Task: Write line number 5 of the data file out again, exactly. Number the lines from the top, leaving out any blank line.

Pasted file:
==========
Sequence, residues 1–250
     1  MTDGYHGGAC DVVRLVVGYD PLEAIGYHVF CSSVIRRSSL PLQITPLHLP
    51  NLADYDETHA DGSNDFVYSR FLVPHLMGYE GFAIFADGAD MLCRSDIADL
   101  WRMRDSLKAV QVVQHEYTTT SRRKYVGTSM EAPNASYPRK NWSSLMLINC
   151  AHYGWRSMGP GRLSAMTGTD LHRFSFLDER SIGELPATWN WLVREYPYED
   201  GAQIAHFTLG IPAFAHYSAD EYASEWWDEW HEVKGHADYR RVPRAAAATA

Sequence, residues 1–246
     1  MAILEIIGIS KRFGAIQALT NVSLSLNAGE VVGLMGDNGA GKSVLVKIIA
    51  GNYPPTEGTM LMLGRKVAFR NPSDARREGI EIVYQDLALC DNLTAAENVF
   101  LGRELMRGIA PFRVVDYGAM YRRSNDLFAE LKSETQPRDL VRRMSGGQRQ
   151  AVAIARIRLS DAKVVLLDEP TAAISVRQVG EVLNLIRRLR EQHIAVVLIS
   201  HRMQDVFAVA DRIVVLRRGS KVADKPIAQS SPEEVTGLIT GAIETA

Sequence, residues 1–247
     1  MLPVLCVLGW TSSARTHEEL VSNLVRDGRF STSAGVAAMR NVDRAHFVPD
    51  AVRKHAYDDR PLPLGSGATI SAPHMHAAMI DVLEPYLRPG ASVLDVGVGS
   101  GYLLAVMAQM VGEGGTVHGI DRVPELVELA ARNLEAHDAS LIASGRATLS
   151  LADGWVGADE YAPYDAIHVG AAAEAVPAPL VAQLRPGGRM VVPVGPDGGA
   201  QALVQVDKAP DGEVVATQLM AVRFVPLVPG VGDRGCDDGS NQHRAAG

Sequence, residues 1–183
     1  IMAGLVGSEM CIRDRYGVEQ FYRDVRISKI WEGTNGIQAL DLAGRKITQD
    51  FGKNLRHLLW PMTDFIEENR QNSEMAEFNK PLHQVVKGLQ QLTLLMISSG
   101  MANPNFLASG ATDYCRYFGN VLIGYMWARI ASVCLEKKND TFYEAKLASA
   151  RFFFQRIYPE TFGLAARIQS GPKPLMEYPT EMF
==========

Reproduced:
   151  AHYGWRSMGP GRLSAMTGTD LHRFSFLDER SIGELPATWN WLVREYPYED